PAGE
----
For many visitors, Japanese food is one the most anticipated aspects of their trip. And rightly so. Japanese food is varied, and for the most part not all that challenging once you get past the raw fish part. Unsurprisingly, when it comes to figuring out your budget for one day of meals in Japan, your predilection for the finer things as well as your volume requirements will be key variables.
Ramen, pictured above, is one of Japan’s most famous exports. It originated in China many millions of bowls ago, and has evolved into three primary varieties in Japan. Tonkotsu ramen (pictured above) is the one in a rich pork broth. Shoyu ramen has a base made with soy sauce, and miso ramen is basically tonkotsu ramen with the addition of miso. A lunch, dinner, or after-drinking bowl of ramen should generally run around 900 yen (about US$8). This includes tax, and there is no tipping in Japan.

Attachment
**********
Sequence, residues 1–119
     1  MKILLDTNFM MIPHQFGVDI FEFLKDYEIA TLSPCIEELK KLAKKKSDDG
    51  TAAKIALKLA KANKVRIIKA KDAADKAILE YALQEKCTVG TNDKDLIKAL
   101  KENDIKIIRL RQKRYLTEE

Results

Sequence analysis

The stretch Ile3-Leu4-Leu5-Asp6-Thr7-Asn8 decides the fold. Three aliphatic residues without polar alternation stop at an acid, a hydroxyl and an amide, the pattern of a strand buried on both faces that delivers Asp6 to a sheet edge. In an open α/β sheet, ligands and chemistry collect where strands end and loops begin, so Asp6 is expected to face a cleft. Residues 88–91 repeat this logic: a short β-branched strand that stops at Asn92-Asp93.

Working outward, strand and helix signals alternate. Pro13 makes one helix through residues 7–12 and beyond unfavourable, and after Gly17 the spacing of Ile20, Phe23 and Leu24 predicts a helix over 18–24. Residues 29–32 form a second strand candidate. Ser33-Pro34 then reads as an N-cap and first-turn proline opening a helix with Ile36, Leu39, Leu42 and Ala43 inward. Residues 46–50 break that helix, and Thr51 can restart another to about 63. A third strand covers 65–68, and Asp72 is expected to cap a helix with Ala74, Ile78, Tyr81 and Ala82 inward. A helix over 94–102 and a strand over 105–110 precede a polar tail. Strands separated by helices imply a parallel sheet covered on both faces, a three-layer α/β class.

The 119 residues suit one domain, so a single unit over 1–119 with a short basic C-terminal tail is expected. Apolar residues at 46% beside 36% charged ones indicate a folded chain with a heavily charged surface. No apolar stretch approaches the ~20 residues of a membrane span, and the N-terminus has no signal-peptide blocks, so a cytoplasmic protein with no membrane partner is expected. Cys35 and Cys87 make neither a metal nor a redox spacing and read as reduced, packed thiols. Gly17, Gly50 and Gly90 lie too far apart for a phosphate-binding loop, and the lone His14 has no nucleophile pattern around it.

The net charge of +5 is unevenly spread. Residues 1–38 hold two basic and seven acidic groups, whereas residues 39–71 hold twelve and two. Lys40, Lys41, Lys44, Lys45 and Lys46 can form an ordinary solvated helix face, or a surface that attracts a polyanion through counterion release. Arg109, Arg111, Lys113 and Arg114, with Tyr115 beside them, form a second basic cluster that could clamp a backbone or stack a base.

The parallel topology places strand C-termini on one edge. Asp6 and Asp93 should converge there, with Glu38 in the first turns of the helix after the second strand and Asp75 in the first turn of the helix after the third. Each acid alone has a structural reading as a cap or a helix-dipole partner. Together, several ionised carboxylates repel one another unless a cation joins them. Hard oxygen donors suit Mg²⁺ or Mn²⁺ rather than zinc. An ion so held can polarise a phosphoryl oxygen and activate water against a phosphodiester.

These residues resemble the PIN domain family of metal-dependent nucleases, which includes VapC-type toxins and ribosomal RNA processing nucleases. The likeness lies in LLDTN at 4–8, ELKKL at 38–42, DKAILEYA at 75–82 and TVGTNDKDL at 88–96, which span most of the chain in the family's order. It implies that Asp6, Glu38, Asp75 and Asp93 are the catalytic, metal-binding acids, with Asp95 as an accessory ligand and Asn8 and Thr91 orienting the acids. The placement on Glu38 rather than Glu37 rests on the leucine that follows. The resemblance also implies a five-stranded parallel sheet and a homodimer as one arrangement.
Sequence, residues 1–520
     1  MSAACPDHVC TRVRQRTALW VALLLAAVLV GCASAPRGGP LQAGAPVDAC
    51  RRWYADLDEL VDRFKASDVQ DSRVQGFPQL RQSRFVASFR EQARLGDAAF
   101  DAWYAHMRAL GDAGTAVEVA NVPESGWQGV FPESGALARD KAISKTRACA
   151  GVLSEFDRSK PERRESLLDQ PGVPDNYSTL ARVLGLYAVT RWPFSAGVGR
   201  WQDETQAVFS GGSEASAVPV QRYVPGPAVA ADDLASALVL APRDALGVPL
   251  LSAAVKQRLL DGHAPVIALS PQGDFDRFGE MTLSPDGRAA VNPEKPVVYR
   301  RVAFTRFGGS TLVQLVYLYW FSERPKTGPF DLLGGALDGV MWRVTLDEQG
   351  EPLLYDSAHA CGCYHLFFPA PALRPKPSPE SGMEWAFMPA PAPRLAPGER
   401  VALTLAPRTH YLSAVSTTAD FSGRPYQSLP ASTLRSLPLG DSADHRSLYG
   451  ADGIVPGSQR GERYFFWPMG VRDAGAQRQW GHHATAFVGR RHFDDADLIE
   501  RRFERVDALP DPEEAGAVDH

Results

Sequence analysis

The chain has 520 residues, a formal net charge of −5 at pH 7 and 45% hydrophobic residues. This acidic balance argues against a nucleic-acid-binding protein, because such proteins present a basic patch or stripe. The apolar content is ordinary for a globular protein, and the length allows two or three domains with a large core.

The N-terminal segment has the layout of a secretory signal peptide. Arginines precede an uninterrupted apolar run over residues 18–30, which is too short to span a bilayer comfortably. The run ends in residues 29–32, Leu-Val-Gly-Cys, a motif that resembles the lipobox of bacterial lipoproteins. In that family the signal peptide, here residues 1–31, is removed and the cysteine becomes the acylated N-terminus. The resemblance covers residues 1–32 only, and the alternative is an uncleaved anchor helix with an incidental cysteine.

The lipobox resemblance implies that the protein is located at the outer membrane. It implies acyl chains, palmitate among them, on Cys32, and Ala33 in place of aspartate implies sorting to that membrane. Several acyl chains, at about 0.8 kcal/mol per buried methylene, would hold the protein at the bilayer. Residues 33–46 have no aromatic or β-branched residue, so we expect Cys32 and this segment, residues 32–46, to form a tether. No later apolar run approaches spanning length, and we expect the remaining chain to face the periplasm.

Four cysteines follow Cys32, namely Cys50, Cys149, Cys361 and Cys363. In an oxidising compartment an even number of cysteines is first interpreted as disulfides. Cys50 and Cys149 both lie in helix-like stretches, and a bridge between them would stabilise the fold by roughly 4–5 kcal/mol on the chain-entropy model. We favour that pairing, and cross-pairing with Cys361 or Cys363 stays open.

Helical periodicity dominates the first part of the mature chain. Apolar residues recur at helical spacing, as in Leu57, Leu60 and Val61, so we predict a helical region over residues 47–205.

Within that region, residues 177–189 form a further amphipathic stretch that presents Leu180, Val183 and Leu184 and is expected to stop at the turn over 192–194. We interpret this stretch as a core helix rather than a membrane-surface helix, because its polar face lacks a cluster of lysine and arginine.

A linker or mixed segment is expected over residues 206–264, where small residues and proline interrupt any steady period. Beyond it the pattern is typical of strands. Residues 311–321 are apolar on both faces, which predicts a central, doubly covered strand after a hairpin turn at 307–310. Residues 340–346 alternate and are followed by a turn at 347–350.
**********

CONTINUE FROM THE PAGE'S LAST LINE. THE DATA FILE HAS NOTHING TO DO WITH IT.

You may be tempted to sweeten the carb bounty with a side order of gyoza (dumplings). A gaggle of six should run you around 300 yen, or about US$2.70. A medium draft beer clocks in at about 450 yen (about US$4). Overall, it’s probably safe to budget about US$10 for a ramen meal, depending on your beverage choice (water being the free one).
Beer is ubiquitous in Japan, and is the most popular type of alcohol. Asahi, Kirin, and Sapporo are just a few of the major brands popular here that you’ve most likely already heard of. Beer prices can vary greatly depending on the venue, but outside of high end restaurants, you should expect to pay around 500 yen for a medium draft (around 400ml – 450ml). Note that, generally speaking, beer and food are about 10%-20% more expensive in Tokyo than other parts of Japan.